'Quadrature decoding using 16C84'
The 14-year old son of one of my colleagues is doing a major science
project, with me as technical helper.
As part of the project, which is a Michaelson interferometer, we need to
count quadrature encoded TTL signals up to about 2MHz up/down rate. I
worked up a design using SSI LSTTL technology which gives a fairly large
board because of the 0-999999 count and non-multiplexed 7-seg display.
Since I have recently got into PICs, using a uC should simplify the
board considerably. I would appreciate anyone's comments on the following
1. Use a few XOR gates and RC delays to convert the quadrature signal
into UP or DOWN pulses at each edge. Each pulse is active for long enough
that a 16C84 can have its TMR0 incremented (2*Tosc = 200ns).
2. The UP pulse clocks TMR0.
3. The DOWN pulse clocks a HC4060 counter whose 8 LSBs feed into port B,
with the most slowly changing bit feeding into B0 so that its falling
edge can trigger an interrupt.
4. The PIC is programmed to increment internal registers on overflow
from TMR0 and the external counter (B0 low-going) - all interrupt
driven. This adds the extra count digits required, for a total
count range of 24 bits.
5. To take the current position reading, the DOWN counter is subtracted
from the UP counter. The result is then sent using a simple serial
protocol to another processor, using the 4 remaining I/O pins.
The readout rate is low, but the counting rate can be quite high. If
anyone knows of suitable devices to aid in quad-decoding, I would
appreciate some advice. One would think this would be a common function,
but I can't find anything useful in my NatSemi, TI or any other logic
HP make a device HCTL 2000 (or the HCTL 2016 which has a 16 bit counter)
It has a digital filtering of the AB signals, up/down detection,
12 (or 16 bit counter), works upto 14 MHz etc.
All you have to do is read position as two bytes.
They are commonly used in robot controllers.
They have two drawbacks:
1) price (about 14 uk pounds in 1 off quantitys)
2) they need lots of pins: 8 bit + 3 control lines (but you can cheat a little)
David Eastlake | uwe.ac.ukdj-eastl
InFACT Group | Extn: 2892 1D5
UWE | Tel: +44 117 9763861
Bristol | Fax: +44 117 9763852
BS16 1QY | zen.btc.uwe.ac.uk/Public/infact/david.html
UK | Robotics, Electronics and Sailing
>If anyone knows of suitable devices to aid in quad-decoding, I would
>appreciate some advice.
I suggest that you investigate the HCTL-20XX family of Quadrature Decoder/
Counter Interface ICs from Hewlett Packard. These ICs are described in the
HP Optoelectronics Designers Catalog. These ICs hhave the following features:
- 14 MHz clock operation
- full 4X decoding
- Schmitt trigger inputs and digital noise filter
- 12 or 16-bit binary up/down counter
- latched outputs
- 8-bit tristate interface
I've used the HCTL-2016. They are easy to implement and work reliably.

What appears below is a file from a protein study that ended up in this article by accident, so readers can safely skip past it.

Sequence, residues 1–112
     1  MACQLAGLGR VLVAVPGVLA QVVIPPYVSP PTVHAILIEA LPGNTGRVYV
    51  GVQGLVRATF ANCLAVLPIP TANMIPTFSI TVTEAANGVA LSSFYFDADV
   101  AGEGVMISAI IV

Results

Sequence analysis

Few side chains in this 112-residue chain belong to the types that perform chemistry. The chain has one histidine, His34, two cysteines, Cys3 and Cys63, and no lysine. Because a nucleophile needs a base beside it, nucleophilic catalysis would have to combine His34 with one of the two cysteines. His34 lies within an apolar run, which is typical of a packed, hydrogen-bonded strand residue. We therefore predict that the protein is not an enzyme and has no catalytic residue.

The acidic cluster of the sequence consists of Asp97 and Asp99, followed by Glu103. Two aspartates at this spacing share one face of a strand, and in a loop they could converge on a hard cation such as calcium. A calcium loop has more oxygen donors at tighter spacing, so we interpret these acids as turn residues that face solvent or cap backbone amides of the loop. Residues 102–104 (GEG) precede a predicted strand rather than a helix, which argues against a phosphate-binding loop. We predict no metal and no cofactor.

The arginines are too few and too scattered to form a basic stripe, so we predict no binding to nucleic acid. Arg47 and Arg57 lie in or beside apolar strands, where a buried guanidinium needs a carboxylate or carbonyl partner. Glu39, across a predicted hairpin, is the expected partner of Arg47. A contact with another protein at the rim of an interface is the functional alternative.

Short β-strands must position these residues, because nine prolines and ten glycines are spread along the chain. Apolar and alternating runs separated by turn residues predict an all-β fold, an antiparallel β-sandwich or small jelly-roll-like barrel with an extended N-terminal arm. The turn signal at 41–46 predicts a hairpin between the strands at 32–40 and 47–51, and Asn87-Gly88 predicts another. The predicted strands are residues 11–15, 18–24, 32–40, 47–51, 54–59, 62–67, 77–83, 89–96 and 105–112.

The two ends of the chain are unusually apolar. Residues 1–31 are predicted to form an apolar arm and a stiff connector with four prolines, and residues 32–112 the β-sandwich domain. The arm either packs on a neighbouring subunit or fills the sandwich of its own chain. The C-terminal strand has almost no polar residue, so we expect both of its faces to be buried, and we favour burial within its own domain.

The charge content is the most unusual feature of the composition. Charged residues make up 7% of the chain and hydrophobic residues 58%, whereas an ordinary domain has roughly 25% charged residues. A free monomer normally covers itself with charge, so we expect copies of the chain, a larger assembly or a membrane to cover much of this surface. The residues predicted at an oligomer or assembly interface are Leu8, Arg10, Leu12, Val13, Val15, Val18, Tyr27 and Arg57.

You could also investigate the quadrature decoder ICs from U.S. Digital Corp.
(800-736-0194 [in the USA!] or 360-696-2468 in the USA). For example, their
LS7166 has similar features to the HCTL-20XX family, but it does not have a
digital filter. However, it does have a 24-bit counter. US Digital has an
IC that can handle 2 encoders, and it has the digital filter. I have not
used these chips yet, but the one with the digital filter is very appealing.
(You will note that I put a high priority on this filter feature.)
US Digital has a web site that provides on-line data sheets of their products
but I cannot recall the address. If you do a web search, please ignore the
other company in the States with a similar name - as it seems to be a real
estate company. :-) (When I first searched for US Digital on the net, I got
all sorts of hits for the real estate company but none for the encoder
company. I can't remember what I did to get the correct address.)
I hope this information helps. Please write me if you think I can answer
Mark K Sullivan
If your PIC is doing nothing else, I would think you could do all quadrature
decoding in software. Since this is a once-off science fair project, you could
over clock if necessary.
If you use external logic (or software for that matter), beware of the following
common mistake in quadrature decoders: You must count up and down on the same
edge(s). For example, don't count up on the forward rising edge of channel A
and down on the reverse falling edge of channel A. I call this the "small
circle" problem. To check your circuit, imagine the shaft oscillating back and
forth across a single edge without reaching the other three edges. Many
circuits (especially with XOR) will count unidirectionally under this condition.
If you do need a hardware assist, I recommend a PAL implemented state machine
(16R4 works good). Email me back channel if you need help with this.
- Mark Sullivan -
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